The fourth affidavit is from Kramer's sister, Mrs. Carol Jean Gray. She deposes that she had been in contact with or been contacted by the Internal Revenue Service agents and had cooperated with them and turned over to them a suitcase containing her brother's personal belongings and had given the agents certain information relating to her brother.

 The defendants' attorneys filed a joint affidavit consisting of twenty-five pages in which they asserted that they were the attorneys for the defendants; that they had received information which they believed to be true regarding the tapes; that the tapes were made in violation of the law; that they were illegally seized by the Government; and that the use to which they were put in connection with the grand jury proceedings was unlawful. This joint affidavit did not materially contradict the factual averments contained in the Government's affidavits, but rather emphasized denials of any illegality as applying to the defendants. The affidavits did set forth the circumstances as they related to a meeting of the executive committee and to a meeting of the general membership in August and November 1963, respectively. This I accept as factual. However, this affidavit had set forth no factual contradictions of the plaintiff's affidavits. The defendants were then directed to submit an affidavit or affidavits of a factual nature as would disclose an issue of material fact requiring a hearing.

 The defendants thereafter filed five affidavits. One was from Mary Louise Rubio who had secretarial charge of the Association's office. She asserts that she did not hear Special Agent Kendig ask for a tape recorder, but she does not say that he did not ask for it. She says that the new executive vice-president, Stanley Backner, did not aid the special agents in searching Kramer's desk, but she does say that he sat in a chair beside the desk as the agents went through it and examined its contents.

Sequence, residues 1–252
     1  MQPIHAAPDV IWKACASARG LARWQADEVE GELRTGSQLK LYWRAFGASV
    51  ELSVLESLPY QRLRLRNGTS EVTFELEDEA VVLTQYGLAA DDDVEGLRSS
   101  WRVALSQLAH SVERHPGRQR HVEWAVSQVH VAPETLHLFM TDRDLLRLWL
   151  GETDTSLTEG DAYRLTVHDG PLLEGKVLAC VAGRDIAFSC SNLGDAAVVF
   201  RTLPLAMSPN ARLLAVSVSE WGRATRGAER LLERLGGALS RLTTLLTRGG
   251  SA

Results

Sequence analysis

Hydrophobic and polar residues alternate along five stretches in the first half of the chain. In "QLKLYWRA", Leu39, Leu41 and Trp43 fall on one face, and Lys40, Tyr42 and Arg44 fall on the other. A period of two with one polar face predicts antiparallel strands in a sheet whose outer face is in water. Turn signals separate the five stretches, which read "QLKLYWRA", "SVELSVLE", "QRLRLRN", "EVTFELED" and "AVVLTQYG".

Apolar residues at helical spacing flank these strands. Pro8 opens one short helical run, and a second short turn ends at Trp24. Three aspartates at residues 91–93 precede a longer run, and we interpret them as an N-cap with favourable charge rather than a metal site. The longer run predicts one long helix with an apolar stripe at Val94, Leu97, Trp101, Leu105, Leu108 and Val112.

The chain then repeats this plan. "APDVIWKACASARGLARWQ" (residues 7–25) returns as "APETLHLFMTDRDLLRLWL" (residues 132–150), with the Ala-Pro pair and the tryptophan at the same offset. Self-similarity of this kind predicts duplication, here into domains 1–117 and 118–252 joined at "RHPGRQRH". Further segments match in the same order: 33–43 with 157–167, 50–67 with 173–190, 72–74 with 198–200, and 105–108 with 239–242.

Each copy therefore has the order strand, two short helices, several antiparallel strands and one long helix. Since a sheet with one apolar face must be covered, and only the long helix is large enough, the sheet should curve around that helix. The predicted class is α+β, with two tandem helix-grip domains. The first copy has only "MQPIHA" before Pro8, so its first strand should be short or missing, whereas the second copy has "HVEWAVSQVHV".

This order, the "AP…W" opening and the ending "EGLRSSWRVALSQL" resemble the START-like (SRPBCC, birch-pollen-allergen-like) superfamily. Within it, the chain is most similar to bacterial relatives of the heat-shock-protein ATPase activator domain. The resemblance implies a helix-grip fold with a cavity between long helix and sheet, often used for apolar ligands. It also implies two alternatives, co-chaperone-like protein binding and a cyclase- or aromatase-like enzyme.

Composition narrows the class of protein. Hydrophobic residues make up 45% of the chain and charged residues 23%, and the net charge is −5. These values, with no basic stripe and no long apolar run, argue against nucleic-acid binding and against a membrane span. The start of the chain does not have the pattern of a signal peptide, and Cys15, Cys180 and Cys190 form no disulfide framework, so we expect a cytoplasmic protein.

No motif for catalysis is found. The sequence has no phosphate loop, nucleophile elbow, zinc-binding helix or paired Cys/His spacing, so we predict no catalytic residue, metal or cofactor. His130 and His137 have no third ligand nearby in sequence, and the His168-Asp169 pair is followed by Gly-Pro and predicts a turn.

The second affidavit is from Muriel Bell, an attorney who asserts that she received no cooperation from Kramer, Mrs. Kramer, Mrs. Gray, or Kendig, as she attempted to interview them. Three affidavits are presented by officers of certain of the defendant corporations as to what transpired at the executive committee meeting or the regular membership meeting in August and November, 1963, respectively. The affidavits are deposed by Raymond A. Pape, Manager of Plumbing Product Sales of the defendant, Crane Company; J. Vincent Cannon, Jr., Vice-President-Marketing of the defendant Wallace-Murray Corporation; and D. H. Walkup, President of the defendant Kilgore Ceramics Corporation. These three affidavits divulged what had occurred at the meetings in August and November, 1963, respectively, when the Association's counsel McKay reported to the respective meetings that Kramer had embezzled Association funds and absconded and certain other details. The affidavits indicate what action had been taken at both meetings. They conclude that the authorization for cooperation was only as it related to the Internal Revenue Service and Kramer, and not as it might have affected any acts by the defendants.

 Thus no substantial issue of fact was presented by all the defendants' affidavits which required an evidentiary hearing. No reason appeared why these joint motions should not be heard in open court and the defendants' request for an en camera hearing was denied on August 8, 1967. An opinion setting forth the reasons for the decision was filed.

 Findings of Fact

 As based upon evidentiary affidavits, I make the following findings of fact.